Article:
MASORIOT, Kenya – Feet clapping lightly on an empty road just after sunrise on Sunday, 15 days after the 126th Boston Marathon. Benson Kipruta, a Kenyan runner, runs miles in the small town of Masoriot, just behind a rusty blue arch on the border of Nandi County, known as the Source of Champions.
His mouth is slightly open, and sweat runs down his sharp cheekbones, salty remnants of effort. The long-distance runner weighing 5 feet 7 and 125 pounds is silent, looking forward for 18 miles, chasing vision. On Monday, Cyprus will try to perform a rare feat – to win his second title in a row at the Boston Marathon in what is considered the fastest field in the history of the race. Only 10 people have won Boston in a row, and there has been no re-champion since Robert Kipkaech Cheruiot of Kenya in 2008.
The 31-year-old Cypriot will be next to Jeffrey Camvoor of Kenya, two-time New York Marathon champion, Birhan Legez of Ethiopia, third-ranked marathon runner and two-time Boston Marathon winner Lelisa Desis, also of Ethiopia. .
No one is more surprised than Cyprus.
In the race in October 2021, Cyprus broke away from the leading groups on the 23rd mile and ran without controversy, crossing the finish line 46 seconds ahead of Lemi Berhanu of Ethiopia to win the legendary race.
“Maybe it could be my day,” Cypriot recalled, thinking. He only hoped to do better than his 10th place during his 2019 Boston debut. Maybe he could be on the podium, he thought. The real win was a drastic change of pace for an athlete who once didn’t believe he could make a career out of running.
As a member of the Nandi, a tribe of calendars, Kipruto was unsure he could fall into the realm of legends that were before him, like Ibrahim Hussein, the first Kenyan to win the Boston Marathon in 1988 and twice more in 1991 and 1992. Eliud Kipchoge, a world marathon record holder and two-time Olympic gold medalist, is also a native of Nandi.
Cypriot grew up in Talilet, a remote village in Kenya’s Northern Rift, where life often took place on a small farm, growing corn and beans that his family relied on for food and sale. Cypriot was the year his father died. Sometimes his mother finds it difficult to feed Cyprus and his four siblings.
Sometimes Cypriot went to school for only half a week because that was all his mother could pay for. If he could attend, the 8-year-old would walk up to 10 miles a day, eating a lunch of guitars, a mixture of corn and beans. He spent evenings working on the farm with his siblings, and hauled two 10-liter jugs of water drawn from the river half a mile from it to boil it for drinking and cooking.
When Cyprus was 16, a science teacher who worked as a gym teacher encouraged him to try cross-country running. Kipruta joined the team and proved to be a decent – but not necessarily great – runner.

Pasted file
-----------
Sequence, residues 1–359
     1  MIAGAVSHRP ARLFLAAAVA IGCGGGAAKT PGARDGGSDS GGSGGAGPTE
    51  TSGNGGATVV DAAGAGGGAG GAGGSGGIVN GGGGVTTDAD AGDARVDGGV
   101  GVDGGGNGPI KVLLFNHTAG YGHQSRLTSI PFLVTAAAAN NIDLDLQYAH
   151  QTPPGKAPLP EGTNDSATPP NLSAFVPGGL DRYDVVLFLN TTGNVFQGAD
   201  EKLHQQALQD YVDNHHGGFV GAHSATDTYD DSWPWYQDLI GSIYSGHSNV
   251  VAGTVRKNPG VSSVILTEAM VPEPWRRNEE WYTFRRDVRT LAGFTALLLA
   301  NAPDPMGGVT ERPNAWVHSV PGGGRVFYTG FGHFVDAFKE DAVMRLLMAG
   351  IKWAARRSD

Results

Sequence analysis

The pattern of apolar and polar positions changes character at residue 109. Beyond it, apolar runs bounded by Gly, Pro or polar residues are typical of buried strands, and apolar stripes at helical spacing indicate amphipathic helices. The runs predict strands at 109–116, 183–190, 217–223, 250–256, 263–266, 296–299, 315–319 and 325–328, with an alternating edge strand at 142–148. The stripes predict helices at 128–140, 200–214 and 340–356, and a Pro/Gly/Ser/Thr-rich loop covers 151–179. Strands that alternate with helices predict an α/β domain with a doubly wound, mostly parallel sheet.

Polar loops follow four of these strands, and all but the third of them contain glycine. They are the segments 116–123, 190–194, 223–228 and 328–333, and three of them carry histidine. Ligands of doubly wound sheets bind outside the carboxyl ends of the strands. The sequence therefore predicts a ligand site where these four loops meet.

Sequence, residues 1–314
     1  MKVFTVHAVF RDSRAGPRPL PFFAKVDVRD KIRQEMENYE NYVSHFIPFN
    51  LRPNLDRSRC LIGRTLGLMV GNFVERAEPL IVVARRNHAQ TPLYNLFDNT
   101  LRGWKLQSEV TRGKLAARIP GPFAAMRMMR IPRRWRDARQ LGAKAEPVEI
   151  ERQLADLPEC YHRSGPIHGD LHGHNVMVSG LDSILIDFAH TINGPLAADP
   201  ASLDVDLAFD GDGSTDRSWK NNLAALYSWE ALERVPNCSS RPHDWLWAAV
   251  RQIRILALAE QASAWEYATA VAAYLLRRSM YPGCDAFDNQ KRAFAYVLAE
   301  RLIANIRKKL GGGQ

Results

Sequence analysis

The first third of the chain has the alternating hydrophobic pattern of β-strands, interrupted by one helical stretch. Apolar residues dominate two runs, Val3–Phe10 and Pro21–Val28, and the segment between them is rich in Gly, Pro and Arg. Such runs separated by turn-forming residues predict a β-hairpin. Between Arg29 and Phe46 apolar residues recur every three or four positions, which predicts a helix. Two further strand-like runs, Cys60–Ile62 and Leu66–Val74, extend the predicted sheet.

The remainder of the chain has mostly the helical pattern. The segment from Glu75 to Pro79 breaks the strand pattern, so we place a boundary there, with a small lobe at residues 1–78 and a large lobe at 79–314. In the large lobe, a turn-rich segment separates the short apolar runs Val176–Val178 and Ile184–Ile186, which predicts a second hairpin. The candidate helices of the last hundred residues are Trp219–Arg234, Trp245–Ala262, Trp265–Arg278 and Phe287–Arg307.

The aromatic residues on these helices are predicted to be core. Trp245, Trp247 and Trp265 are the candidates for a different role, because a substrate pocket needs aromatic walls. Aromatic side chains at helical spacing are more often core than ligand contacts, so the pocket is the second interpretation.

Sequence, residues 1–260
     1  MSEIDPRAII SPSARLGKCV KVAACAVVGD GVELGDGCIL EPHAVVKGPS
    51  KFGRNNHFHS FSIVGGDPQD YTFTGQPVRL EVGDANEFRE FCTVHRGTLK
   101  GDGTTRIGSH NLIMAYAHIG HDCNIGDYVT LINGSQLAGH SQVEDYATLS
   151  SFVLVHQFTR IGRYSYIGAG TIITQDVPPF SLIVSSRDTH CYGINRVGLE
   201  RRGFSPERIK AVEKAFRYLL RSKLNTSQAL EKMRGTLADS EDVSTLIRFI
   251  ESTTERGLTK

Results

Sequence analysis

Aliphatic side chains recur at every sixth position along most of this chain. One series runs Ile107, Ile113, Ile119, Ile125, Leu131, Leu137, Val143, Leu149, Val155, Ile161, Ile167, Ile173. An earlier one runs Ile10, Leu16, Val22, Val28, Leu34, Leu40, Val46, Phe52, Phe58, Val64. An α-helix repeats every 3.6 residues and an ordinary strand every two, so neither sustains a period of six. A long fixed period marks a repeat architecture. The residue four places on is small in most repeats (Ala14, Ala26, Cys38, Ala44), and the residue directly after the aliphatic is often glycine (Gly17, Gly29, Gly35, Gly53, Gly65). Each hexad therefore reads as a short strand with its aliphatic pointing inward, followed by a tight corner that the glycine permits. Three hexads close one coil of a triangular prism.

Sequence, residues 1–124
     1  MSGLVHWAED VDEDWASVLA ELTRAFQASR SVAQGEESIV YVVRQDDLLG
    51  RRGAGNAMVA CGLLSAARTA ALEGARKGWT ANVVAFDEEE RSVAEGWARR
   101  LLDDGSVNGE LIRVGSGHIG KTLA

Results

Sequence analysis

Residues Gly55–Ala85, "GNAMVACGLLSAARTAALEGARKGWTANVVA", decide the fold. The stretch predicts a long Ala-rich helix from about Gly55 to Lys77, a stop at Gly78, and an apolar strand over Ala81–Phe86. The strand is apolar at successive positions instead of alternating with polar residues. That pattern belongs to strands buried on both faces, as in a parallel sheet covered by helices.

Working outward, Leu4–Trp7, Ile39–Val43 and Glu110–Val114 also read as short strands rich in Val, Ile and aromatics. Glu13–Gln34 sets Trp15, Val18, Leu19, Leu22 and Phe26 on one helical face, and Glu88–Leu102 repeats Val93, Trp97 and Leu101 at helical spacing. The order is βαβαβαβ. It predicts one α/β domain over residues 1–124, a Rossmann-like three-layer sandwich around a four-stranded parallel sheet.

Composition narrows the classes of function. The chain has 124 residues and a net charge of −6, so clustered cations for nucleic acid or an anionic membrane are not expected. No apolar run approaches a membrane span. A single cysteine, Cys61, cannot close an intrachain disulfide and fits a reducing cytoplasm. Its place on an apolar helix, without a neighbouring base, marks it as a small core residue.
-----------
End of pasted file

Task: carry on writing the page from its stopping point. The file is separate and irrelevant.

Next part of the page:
Cypriot wanted a career in sports journalism rather than running, but he could not afford to continue his education. So he worked on a farm and opened a small kiosk selling sugar, fresh milk and pieces of soap, as well as grown vegetables. For several months Cyprus lived on a profit of 5,000 shillings a month (equivalent to $ 43), which barely covered his basic needs. Successful months brought Cyprus $ 80.
And he kept running.
For two years, he rarely skipped a run at 6 a.m. for 15 miles before working 12 hours a day in Koyban, his village in Nandi County. He always ran alone, doing it with pure pleasure. If he had the money, Cyprus could buy a used pair of sneakers for just $ 4 and train in them for a few months.
Only after an old friend, who became a professional runner, invited him to a 12-mile training run, Cyprus began to think about the future of the sport. He managed to keep up with the group, and his friend pushed him to consider moving to Capsabet, where some of the world’s most elite training grounds are located, to look for a coach. Kipruta returned to his kiosk and sat alone, wondering, “Can I do this?”
“Yes. It is competitive, ”Kipruta said. “But I realized that everything that would come would not be easy.”
He was inspired by the success of one of his siblings who made a career in sports. After watching his older brother Dixon Chumba win the Tokyo Marathon twice and once in Chicago, Cypriot decided to bet on himself.
He left his kiosk and moved to Capsabet, the capital of Nandi County, in 2015. A few months later, he joined the 2 Running Club, a team founded by Italian running coach Claudio Berardelli. He became a professional runner in 2016, finishing the Athens Marathon, his first attempt at a distance, in second place. Since then, Cyprus has won three of nine marathons, including Prague in 2021 and Toronto in 2018, where he set his personal best in 2 hours and 5 minutes.
“He risks a little more,” Berardelli says. “A few years ago I was always worried that he was too conservative. Doing the bare minimum to achieve. You will learn little about yourself if you do not take a little risk.
And he discovered a lot when he ran away with his victory in the 2021 Boston Marathon, an achievement that allowed him to bring back his community in ways he didn’t think possible.
“The more successful we are, the happier we are when we give to society, the less happy we are. That’s where we came from, ”Kipruta said. He hopes to be a role model for others; he maintains a school fee for three students in his village and often donates to his church.
“Others are following in our footsteps. They are watching how we behave, ”he said.
After all, this is what drives Cyprus when it is on the starting line – to build a bright future not only for his family, but also for those who live the life he once was. “It will come,” he often told himself during long runs before sunrise.
“It’s going to be hard,” he said of the Boston Marathon ahead. “But I’m well prepared, both in legs and in mind.”